Motherboard Reviews

Tom M
Tom M
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Topic 225279

Do you have a Motherboard you love OR hate?

Write about it here.  I have some "history" with "several" motherboards.

Tom M

Over the hill?  What hill?  I don't REMEMBER any hill...
A Proud member of the O.F.A. (I've forgotten what that stands for.... ;)

 

 

 

 

Keith Myers
Keith Myers
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"Love" my ASUS Crosshair VII

"Love" my ASUS Crosshair VII Hero motherboards.  I have four.

Really like my inexpensive Asrock Rack EPYCD8 server motherboard.

 

Jim1348
Jim1348
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I build Ryzen machines these

I build Ryzen machines these days.  And they are dedicated to crunching, so I don't need full-length boards.  And I don't overclock, so I don't need extra-heavy duty power.  But I do want stable power, with well-cooled and reliable voltage regulators.

 

The ASRock B550M PRO4 are now my all-time favorites.  I have several of them.

https://www.newegg.com/asrock-b550m-pro4/p/N82E16813157939

 

I don't know if the BIOS they are shipping now supports the Ryzen 5000 series or not.  You might have to upgrade using a Ryzen 3000.

Tom M
Tom M
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I have "several" ongoing

I have "several" ongoing Motherboard experiments/tests etc.  I am going to focus on the MSI X470 Gaming Plus Max to begin with.

I bought this MB for a prospective upgrade to 3 gpus on my Amd 3950x which only has 2 long slots.  I have since discovered there is some kind of bug in the 370/470 chip sets that means the 3rd long slot will not work without some Linux kernel command line tinkering in Grub.

The first problem is there was not enough clearance in my largest case to utilize the 3rd slot for a gpu inside the case.

The second problem is I have an out sized air-cooler on the AMD 3950x which causes clearance headaches on the mining racks I currently own.

I addressed the problems in two ways.  1) I didn't use the AMD 3950x for testing.  I used a Amd 2700x.  2) I bought an "Open Air" computer case that basically would not have a clearance issue for either the 3rd slot or a "too tall" cpu cooler.

Assembling the "Open Air" computer case turned out to be an "erector set" project.  Complete with multiple partial disassembles to get everything where it was "supposed" to be.

The "goal" of the above setup was to get an XFX Rx 5700 and 2 XFX Rx 580's mounted directly on the Motherboard and processing E@H Gamma Ray tasks.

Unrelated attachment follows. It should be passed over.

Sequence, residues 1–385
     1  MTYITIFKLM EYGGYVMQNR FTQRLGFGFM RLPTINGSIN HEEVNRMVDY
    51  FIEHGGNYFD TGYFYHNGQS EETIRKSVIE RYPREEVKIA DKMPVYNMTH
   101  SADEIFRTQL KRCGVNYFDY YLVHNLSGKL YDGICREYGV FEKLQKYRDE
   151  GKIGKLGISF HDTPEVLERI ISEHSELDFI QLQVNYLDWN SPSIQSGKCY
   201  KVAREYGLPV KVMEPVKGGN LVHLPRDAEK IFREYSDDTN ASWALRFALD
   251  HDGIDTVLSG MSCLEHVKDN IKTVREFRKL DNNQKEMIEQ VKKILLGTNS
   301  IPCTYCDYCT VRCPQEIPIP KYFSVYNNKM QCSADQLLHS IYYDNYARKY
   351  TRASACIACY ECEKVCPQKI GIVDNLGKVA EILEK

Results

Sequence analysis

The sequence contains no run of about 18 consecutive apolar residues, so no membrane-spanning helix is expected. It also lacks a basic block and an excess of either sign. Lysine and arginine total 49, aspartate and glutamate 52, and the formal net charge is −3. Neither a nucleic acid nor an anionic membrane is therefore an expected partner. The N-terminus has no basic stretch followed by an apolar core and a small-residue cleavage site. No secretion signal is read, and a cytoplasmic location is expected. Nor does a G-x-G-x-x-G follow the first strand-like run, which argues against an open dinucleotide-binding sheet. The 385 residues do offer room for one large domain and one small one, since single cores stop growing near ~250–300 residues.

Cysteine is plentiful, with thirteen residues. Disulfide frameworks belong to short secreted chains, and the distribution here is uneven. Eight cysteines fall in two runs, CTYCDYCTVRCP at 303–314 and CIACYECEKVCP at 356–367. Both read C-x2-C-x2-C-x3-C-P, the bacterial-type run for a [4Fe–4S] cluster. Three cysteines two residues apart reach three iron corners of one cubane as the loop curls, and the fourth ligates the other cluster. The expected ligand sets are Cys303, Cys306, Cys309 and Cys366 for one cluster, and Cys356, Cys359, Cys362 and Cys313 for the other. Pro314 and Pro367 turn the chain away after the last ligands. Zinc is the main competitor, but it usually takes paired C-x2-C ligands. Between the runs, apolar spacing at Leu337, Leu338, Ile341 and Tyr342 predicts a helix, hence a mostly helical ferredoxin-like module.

The good news is after dinking around and researching with everyone's favorite tool Google I actually got that far.

The bad news is when I have ANY Rx 580 or Rx 5700 video card in the 3rd slot the video card in the first slot slows down massively.

The XFX Rx 5700 I have will run 1 Gamma Ray task in less than 5 minutes if it is the only card installed on the motherboard (in slot 1).  If I install an Rx 580 in the 3rd slot both cards slow down and the system gets a little laggy.

It is currently running with the Rx 5700 in slot 1 and an Rx 580 in slot 4 (counting from the cpu). The 3rd long slot is the 6th slot counting from the cpu.  And the system is not laggy. 

However both cards are still running slow.  I am going to reset the bios to mostly defaults and see if that helps.  And then remove the additions to the GRUB command line and see if that helps.

I will post the error messages and details of the Grub command lines that seem to get you past the errors in another message.

BRB.

Tom M

 

 

Over the hill?  What hill?  I don't REMEMBER any hill...
A Proud member of the O.F.A. (I've forgotten what that stands for.... ;)

 

 

 

 

Tom M
Tom M
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Notes on getting 3 gpu cards

Notes on getting 3 gpu cards to run on an MSI X470 Gaming Plus Max Motherboard.

If you are seeing an error that looks something like this

iommu ivho: AMD - Vi: Event logged (IOTLM_INV_TIMEOUT device=25.00.0 address=0x42cd9e430

the following should help you get past it.  When I get that error the system stops the booting cycle (it may take many console lines of output before it stops).

  1. Updated Bios to most current available (beta at this time).
  2. Added the following to the GRUB command line: iommu=pt pci=noaer

A How To for the people who don't want to "Grub" around looking for.

Open a terminal session in Linux.  (Term in Ubuntu).

Menu paste this: sudo nano /etc/default/grub

Hit enter.  Put in sudo password.